When I got off the ferry, I took a bus to Vancouver’s skytrain. It wasn’t hard, just frustrating to figure out where I am going while on a strict schedule. I wanted to be at the Via Rail train station at 2pm. I sat on the bus between two asian young women, one white man at the back of the bus, and another white woman joined him with her suitcases. Once I got off the bus, I followed one of the asian woman. She agreed she would show me where to get the skytrain since she was going on the train too. While we arrive in the elevator, a black man (which I had seen in the ferry terminal in Victoria) was already in it, and an elderly white woman joined us. Most of us didn’t really know where we were going. We were figuring it out together. We lost the man who ended up taking the escalator, while the rest of us women walked to another elevator that took us to the platform. On the train, we started talking about Canada. I shared that I was on my way to Alberta, the Asian girl shared that she went to visit her parents on one of the island and she is returning. The elderly woman shared how she has watched Vancouver transformed into the big city it is now. There was another young white woman behind me who got my attention, and shared that she used to live in Alberta, but she is happy to live in BC now. She is in graduate school but doesn’t think she’ll be going back to Alberta. “Don’t go to the Edmonton Mall” she said, “Everyone goes there. Go to the Art Gallery or the Museum instead.” Well, I took her advice.

Art Gallery of Alberta

The elderly woman had told me to get off at the City Centre. Even though my GPS wanted me to continue on the train. I decided to take the elderly woman’s suggestions. When I got out of the train, I asked a number of people for directions. What I noticed was, no one was from Vancouver! The strangest thing… Two young girls directed me down an escalator, and from there I followed the signs to the platform. Nothing was completely difficult, it’s just that with the added stress of not wanting to miss my train, created anxiety. Anxiety and travelling is an uncomfortable mix. That’s probably why most people won’t do it. But, what calms me down is the confidence that, no matter what choice I make or not make, everything will work out just fine.

READ MORE: Ferry to Vancouver.

Travelling opens up my curiosity and puts all my assumptions and expectations behind closed doors. I wish that I could live like that in my ordinary life. Each moment is an opportunity to create a memory and to not take anything for granted. When travelling, I am fully aware of how to live in the moment, because I am certain that I won’t get another opportunity to come back to that very spot. Sitting in the train with strangers talking like ole friends hardly happen for me at home. We connected over our transitory journey.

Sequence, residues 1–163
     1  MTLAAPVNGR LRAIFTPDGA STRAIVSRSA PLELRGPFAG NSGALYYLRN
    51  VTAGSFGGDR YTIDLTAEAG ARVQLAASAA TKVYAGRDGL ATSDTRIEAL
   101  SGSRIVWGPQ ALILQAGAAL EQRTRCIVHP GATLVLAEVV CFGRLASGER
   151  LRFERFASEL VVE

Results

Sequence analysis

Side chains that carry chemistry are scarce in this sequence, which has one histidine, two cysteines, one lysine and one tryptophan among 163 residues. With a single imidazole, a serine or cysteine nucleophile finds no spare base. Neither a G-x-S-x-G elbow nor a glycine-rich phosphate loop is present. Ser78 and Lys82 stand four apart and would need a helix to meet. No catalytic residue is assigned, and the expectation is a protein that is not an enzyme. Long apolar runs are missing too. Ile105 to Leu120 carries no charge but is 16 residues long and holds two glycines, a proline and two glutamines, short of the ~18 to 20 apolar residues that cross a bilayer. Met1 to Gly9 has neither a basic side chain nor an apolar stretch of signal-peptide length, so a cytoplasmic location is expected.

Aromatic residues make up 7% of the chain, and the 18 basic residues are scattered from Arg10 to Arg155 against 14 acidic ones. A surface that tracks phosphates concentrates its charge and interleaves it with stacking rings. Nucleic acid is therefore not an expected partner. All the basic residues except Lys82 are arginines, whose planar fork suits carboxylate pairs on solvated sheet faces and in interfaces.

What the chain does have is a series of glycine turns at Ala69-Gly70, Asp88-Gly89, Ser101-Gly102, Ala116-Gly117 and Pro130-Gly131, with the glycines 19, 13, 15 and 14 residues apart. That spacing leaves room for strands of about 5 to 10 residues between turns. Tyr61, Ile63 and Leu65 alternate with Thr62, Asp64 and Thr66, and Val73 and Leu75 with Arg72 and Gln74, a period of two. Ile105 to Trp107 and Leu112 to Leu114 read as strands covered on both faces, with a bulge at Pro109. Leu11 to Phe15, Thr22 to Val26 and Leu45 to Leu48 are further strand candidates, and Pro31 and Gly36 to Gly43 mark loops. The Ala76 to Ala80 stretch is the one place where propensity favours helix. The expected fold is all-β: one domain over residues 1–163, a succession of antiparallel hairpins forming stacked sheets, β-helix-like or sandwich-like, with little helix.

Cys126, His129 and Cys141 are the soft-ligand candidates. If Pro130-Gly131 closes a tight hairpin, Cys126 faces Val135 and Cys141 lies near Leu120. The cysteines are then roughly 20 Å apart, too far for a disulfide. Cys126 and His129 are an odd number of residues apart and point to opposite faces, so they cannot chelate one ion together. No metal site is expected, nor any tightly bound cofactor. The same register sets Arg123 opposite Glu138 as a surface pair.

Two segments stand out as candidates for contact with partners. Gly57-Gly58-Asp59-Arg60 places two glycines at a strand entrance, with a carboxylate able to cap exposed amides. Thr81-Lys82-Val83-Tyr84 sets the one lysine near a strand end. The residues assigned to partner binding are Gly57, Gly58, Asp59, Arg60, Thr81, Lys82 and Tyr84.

So to end this post, I want to say that I have learnt a lot while travelling, I just have to use those same lessons in my regular life. Let me share 10 of them with you:

  1. Always ASK questions, don’t assume nothing.
  2. LIVE in the moment and don’t take anything for granted.
  3. Set aside plans, and go with the FLOW (this is the one that I use as my mantra).
  4. Be CURIOUS and try new things (this is a staple of travelling)
  5. Always go with your HEART and set aside every limitation.
  6. Create MEMORIES not nightmares.
  7. Be OPEN minded.
  8. Be anxious for NOTHING.
  9. Make MISTAKES. They can turn out to be best memories.
  10. Be completely FREE to be yourself (no one is judging!)

Ferry to Vancouver

Monday morning came. I laid in bed for a little while, wondering what was happening outside the walls of this hotel. Were people frantically trying to get to work on time? Were children apathetically walking to school? If I was home I would be in the former category, but I was not at home. I was in Victoria, British Columbia. And this morning I was going to Vancouver by ferry to catch the 3 0’clock train to Alberta. Now, that was exciting to me.

My suitcase was pretty much packed from the day before, so I only had to get dressed. The drive to Enterprise rental car was calming. Looking outside to see the colourful scenery in the comfort of a luxury car, with my favourite music playing was idyllic. I felt a sense of completion because I had done everything I wanted to do in Victoria. I anticipated whatever was going to happen next. I was quite surprised when Enterprise told me that they would provide me a taxi to the ferry at no cost to me. Within five minutes the taxi arrived. Every thing went seamlessly.

READ MORE: From the Atlantic to the Pacific Ocean.